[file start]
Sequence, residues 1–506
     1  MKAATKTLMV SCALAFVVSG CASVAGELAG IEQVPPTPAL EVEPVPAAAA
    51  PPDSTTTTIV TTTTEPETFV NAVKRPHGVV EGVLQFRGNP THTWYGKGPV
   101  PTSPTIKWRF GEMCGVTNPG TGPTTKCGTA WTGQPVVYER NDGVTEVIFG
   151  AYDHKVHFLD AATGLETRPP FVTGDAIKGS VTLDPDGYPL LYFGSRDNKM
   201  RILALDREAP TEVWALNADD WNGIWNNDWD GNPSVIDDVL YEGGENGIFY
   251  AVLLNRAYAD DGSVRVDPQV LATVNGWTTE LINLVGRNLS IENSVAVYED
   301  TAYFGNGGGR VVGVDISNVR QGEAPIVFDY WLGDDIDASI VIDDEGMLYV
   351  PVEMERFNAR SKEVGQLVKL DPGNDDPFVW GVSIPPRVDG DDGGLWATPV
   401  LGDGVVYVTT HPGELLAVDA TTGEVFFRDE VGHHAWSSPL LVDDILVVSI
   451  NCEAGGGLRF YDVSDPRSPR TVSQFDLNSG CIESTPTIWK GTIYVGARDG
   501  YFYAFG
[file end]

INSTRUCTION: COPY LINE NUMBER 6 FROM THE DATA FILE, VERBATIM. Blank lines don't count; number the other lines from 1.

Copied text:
   201  RILALDREAP TEVWALNADD WNGIWNNDWD GNPSVIDDVL YEGGENGIFY